This guide assumes that you have the proper setup and that you know how to build firmware. If this is not correct, follow the instructions at Build SOF from scratch first.
Cmocka is fetched and built automatically. For a successful compilation, it needs a toolchain thats supports C stdlib.
Configuring for unit tests¶
In order to build and run unit tests, just pass additional flag to CMake -DBUILD_UNIT_TESTS=ON.
Unit tests need a valid config for a used toolchain, so before building them you can use a default config such as:
Then build and run all unit tests by entering:
make -j4 && ctest -j8
Example: Running tests for APL¶
mkdir build_ut && cd build_ut cmake -DTOOLCHAIN=xt -DROOT_DIR=$CONFIG_PATH/xtensa-elf -DBUILD_UNIT_TESTS=ON .. make apollolake_defconfig make -j4 && ctest -j8
Use -DTOOLCHAIN=xt option, -DTOOLCHAIN=xtensa-<platform_type>-elf is not supported
Wrapping objects for unit tests¶
If you need to mock a symbol, define it in a unit test and include the .h file. There are two cases where this isn’t possible:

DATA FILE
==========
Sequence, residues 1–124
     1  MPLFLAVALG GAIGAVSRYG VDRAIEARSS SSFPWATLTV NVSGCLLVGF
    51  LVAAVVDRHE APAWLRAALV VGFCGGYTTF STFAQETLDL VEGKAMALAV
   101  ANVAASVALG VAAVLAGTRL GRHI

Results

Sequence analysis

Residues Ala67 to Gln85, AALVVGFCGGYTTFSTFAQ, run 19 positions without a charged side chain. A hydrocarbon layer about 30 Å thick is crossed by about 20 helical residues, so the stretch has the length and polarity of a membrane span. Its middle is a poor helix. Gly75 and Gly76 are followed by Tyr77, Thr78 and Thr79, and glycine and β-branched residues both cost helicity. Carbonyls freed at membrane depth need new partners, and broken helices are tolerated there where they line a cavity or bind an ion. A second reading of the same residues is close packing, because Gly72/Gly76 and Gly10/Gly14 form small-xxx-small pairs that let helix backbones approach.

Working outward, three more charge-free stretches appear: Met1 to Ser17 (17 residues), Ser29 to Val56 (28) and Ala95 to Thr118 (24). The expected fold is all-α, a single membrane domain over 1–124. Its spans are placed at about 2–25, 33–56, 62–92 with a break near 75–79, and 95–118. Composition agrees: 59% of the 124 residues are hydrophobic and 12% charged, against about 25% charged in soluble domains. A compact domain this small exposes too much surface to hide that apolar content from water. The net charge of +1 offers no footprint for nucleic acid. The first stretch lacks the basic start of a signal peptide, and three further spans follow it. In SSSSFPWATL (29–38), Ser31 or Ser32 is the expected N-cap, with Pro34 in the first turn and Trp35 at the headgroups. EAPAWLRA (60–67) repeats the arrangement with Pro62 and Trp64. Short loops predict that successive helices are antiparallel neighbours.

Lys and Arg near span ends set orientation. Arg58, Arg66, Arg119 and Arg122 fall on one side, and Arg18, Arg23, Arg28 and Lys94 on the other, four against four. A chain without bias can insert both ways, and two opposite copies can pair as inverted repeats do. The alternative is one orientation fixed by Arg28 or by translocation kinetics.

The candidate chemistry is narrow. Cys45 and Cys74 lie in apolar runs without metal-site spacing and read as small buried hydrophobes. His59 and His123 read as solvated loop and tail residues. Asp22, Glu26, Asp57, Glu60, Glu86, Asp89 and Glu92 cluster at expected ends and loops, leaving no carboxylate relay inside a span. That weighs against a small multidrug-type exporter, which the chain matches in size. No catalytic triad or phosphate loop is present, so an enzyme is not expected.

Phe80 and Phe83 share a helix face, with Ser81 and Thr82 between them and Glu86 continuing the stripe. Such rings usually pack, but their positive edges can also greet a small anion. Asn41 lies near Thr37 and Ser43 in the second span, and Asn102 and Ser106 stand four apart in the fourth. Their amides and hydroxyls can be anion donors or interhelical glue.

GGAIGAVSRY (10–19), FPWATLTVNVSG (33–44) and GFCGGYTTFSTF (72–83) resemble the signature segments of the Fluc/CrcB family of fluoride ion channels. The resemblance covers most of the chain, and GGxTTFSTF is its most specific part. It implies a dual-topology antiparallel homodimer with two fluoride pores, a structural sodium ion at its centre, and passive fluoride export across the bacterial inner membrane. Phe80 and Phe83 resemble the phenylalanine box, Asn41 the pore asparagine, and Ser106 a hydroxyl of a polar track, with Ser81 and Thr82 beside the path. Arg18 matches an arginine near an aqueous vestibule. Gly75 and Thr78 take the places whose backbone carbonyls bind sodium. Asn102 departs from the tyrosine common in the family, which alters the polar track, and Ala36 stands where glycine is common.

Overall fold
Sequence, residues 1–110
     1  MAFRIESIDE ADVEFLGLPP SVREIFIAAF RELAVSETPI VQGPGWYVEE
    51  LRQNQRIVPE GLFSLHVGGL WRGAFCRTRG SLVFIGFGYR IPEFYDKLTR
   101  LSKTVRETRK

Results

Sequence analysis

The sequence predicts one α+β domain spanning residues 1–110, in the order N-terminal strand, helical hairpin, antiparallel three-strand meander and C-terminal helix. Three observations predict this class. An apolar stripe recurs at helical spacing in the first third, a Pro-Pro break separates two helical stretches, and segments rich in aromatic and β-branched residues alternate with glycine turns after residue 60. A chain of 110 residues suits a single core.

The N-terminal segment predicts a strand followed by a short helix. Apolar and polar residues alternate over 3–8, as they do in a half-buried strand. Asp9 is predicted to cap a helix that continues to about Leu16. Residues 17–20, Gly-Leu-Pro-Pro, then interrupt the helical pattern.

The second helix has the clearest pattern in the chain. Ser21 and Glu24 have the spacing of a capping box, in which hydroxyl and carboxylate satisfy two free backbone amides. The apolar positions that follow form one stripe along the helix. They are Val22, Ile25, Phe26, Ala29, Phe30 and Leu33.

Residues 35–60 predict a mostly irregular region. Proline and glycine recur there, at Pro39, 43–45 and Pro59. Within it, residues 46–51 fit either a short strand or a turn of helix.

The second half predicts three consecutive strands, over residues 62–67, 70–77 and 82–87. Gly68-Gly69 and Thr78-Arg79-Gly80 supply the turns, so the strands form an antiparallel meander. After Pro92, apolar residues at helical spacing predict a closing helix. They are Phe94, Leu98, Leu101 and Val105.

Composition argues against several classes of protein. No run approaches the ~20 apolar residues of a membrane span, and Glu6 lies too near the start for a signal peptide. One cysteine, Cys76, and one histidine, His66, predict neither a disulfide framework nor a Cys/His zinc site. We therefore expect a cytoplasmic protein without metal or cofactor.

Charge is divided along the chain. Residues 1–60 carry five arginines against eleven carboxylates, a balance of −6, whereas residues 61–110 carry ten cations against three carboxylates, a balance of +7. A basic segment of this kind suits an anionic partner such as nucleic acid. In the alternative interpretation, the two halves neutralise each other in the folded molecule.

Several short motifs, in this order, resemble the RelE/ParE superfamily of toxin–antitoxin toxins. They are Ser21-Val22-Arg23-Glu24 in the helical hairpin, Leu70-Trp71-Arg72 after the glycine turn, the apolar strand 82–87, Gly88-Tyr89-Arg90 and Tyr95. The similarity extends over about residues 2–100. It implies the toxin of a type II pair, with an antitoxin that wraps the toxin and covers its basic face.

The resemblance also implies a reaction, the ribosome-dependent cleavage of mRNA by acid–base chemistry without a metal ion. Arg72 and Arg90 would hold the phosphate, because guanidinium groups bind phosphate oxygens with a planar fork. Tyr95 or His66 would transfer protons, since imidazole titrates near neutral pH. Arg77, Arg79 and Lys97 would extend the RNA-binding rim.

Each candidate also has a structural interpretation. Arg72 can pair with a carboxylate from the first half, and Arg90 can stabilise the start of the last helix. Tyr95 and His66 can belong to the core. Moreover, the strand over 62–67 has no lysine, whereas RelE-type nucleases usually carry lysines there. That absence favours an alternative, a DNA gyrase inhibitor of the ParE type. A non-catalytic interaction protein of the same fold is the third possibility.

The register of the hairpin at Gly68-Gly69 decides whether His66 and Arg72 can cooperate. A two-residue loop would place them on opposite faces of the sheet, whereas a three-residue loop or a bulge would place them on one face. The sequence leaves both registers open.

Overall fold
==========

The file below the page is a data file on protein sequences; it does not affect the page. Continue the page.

Static functions in headers (those most probably are inline short functions and don’t have to be mocked).
Static functions that are in the same file as tested functionality and are exceedingly large so they can’t be tested as one functionality.
Whatever the reason, mocking of those symbols can be done by using the –wrap linker functionality. To wrap the symbol follow these steps:
Create mocked symbol named __wrap_symbol_name
Pass instruction for the linker -Wl, –wrap=symbol_name during compilation.
Now every symbol calls to symbol_name will call __wrap_symbol_name.
Instructions can be passed to the linker in the SOF UT environment using CFLAGS; however, they should be passed in separate variables in the makefile.
# some tests before ... cmocka_test(pipeline_connect_upstream pipeline_connect_upstream.c ... ) target_link_libraries(pipeline_connect_upstream PRIVATE "-Wl,--wrap=symbol_name")
Full information about wrapping can be found here:
Use the ctest -j option while running tests that use xt-run (to speed up tests significantly) by running multiple instances of the xt-run simulator (it also speeds up the build if you have many unit tests).
ctest only runs unit tests; to rebuild them, you have to explicitly run make.